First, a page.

三ツ星カラーズ — Week 1 Discussion (ABBC)

I’m really excited - got notice that my hard copy is set to ship out of Japan, and since it was sent via FedEx, I am assuming it is flying which means it might get here soon… I noticed that it came from Sennan-shi - which I just learned in Level 3 means Sennan City! I have been reading along with the comments in this thread and keeping up reading more about grammar, along with pushing my vocabulary along with WK (yes! hit level 4!) I have to say - I am looking forward to the end of week summary. I am already learning so much! I have to say that I have been at this for about 6 weeks and feel like I have learned more than in my entire college year of Japanese.

My plan (so as not to get too far behind) is to parse out a few of the sentence with notes from this thread and see if I can do some on my own next week


Yeah, manga often uses spaces in places of commas (which is a little bit annoying - I mean, you’ve got a perfectly servicable comma you could be using) and omits full stops (which is particularly annoying when it comes in the middle of a bubble).

Heh, and right afterwards, here’s the perfect example of what I’m talking about. I reckon it’s two sentences without a full stop.


That line specifically has me very curious. Since か is at the end of one line, it looks like it can be two separate sentences in one word balloon.

But then, the subtitle for the anime goes:


As in, it’s all on one line in the anime subtitle.

So, is it a question, stop, then a statement (command)?

Or, is the question a modifier modifying the verb?

For now, I’m assuming the latter, but I need to pay more attention to this sort of thing in my daily reading.

The good news is that whether it’s two sentences, or one, the general meaning is still effectively the same, so it doesn’t matter too much. For first-time readers, there’s a lot of other grammar to put more focus into learning. (And you all will recognize them as they’ll come up again and again.)


thank you for all the kind words and encouragement, sorry for the moaning.
another resource that I have been using is bunpro’s grammar points - mainly because I’ve been using it for a bit (halfway through n4). Just checked and it’s searchable without signing in.


What I did with my first manga is pretty similar to your google doc. I would copy every sentence into a document, break apart every word in the sentence and add a definitions / grammar info. That info goes in bullet points right below the sentence. Then I would try to put together a meaning from it all before moving to the next sentence.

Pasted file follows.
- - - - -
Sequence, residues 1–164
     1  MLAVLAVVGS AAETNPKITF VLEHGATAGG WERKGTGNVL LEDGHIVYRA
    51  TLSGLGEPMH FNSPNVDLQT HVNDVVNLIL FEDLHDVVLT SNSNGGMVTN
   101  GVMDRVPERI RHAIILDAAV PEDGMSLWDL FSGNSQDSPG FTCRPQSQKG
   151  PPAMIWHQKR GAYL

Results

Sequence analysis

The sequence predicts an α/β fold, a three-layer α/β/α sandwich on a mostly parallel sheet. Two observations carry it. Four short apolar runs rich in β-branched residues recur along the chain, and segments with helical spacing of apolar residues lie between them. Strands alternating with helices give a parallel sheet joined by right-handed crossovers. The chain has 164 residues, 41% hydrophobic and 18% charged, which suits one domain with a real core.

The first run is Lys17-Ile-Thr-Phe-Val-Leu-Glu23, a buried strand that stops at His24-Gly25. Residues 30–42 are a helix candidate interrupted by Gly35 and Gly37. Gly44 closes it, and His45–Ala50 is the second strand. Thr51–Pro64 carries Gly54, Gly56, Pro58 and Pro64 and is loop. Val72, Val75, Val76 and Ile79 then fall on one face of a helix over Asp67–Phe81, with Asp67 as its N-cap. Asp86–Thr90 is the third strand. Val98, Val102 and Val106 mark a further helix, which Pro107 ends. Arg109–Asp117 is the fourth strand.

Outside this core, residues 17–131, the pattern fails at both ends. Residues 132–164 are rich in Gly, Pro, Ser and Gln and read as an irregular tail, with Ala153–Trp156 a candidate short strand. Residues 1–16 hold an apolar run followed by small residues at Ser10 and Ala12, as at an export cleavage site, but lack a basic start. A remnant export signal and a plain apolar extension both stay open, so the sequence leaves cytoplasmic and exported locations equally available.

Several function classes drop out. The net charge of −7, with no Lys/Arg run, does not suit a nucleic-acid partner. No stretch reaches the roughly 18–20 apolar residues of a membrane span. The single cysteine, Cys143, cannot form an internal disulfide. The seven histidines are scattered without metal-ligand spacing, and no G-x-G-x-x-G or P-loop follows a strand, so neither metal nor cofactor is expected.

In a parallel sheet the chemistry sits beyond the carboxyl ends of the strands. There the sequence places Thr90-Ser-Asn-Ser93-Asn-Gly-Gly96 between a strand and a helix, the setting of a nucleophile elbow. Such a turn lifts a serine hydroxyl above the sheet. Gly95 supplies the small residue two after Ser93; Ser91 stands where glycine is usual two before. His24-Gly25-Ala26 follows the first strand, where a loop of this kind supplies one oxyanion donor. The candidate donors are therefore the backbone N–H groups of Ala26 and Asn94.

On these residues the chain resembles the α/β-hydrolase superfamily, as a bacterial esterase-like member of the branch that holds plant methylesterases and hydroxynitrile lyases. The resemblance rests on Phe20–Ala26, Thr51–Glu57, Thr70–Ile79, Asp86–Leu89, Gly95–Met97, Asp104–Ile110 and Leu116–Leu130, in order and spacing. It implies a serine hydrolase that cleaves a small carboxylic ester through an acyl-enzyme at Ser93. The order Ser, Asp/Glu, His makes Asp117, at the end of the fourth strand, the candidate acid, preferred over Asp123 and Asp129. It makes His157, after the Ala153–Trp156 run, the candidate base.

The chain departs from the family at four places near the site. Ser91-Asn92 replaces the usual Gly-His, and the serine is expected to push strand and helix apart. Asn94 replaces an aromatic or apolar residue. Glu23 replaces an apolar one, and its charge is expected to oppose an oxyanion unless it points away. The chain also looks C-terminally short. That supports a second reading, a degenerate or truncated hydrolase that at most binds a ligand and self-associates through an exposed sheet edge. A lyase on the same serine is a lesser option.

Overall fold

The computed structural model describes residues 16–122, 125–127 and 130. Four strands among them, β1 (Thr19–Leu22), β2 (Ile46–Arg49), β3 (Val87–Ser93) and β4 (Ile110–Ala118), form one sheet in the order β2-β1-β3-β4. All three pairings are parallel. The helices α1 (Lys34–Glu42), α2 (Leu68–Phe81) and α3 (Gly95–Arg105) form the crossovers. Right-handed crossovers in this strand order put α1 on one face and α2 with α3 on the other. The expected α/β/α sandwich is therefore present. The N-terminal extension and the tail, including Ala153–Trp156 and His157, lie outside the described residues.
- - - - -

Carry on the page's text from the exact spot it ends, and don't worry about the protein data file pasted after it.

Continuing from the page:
Over time, maybe during the second manga I read, after getting a grasp on grammar I felt like literally copying down every definition every time was getting in the way of me remembering words. I wasn’t reading the Japanese when understanding the sentence, I was be putting together the English bits that are my notes into a meaning. So I started to write down less and less definitions and grammar. Nowadays if I can keep enough in my head to understand the sentence only looking at the vocab sheet, I only write down an English translation.

I still write down a fair amount of definitions, but not at a “sentence breakdown” level of defining most every word. Well… unless it’s a hard sentence, which still happens fairly often :sweat_smile:.

That’s just what worked for me. I’m sure others have different methods. Everybody has to find what works for them. Just keep asking questions and reading replies in the book club and you’ll find that eventually you’re asking a lot less questions. :grinning_face_with_smiling_eyes:

Tagagi-san was my first manga! I can confirm it gets a lot easier, even if it takes a few books to notice a big difference.

I struggle with this too. Sometimes I’ll translate a sentence but not really think the meaning makes sense in a story, then go through the forums to find out that I had the meaning right but wasn’t confident enough to think it actually makes sense in the story. I can’t remember any particular examples now, but this for sure happens when characters make jokes.

Something that I’ve been trying to keep in mind lately: even if this whole manga were in English, I wouldn’t quite understand all the nuance. Who is speaking in that bubble? What exactly does that person mean? Maybe it’s clarified later, maybe it just went over my head, or maybe it’s just unclear. Of course that happens a lot more when reading in Japanese, but I know it will get better over time!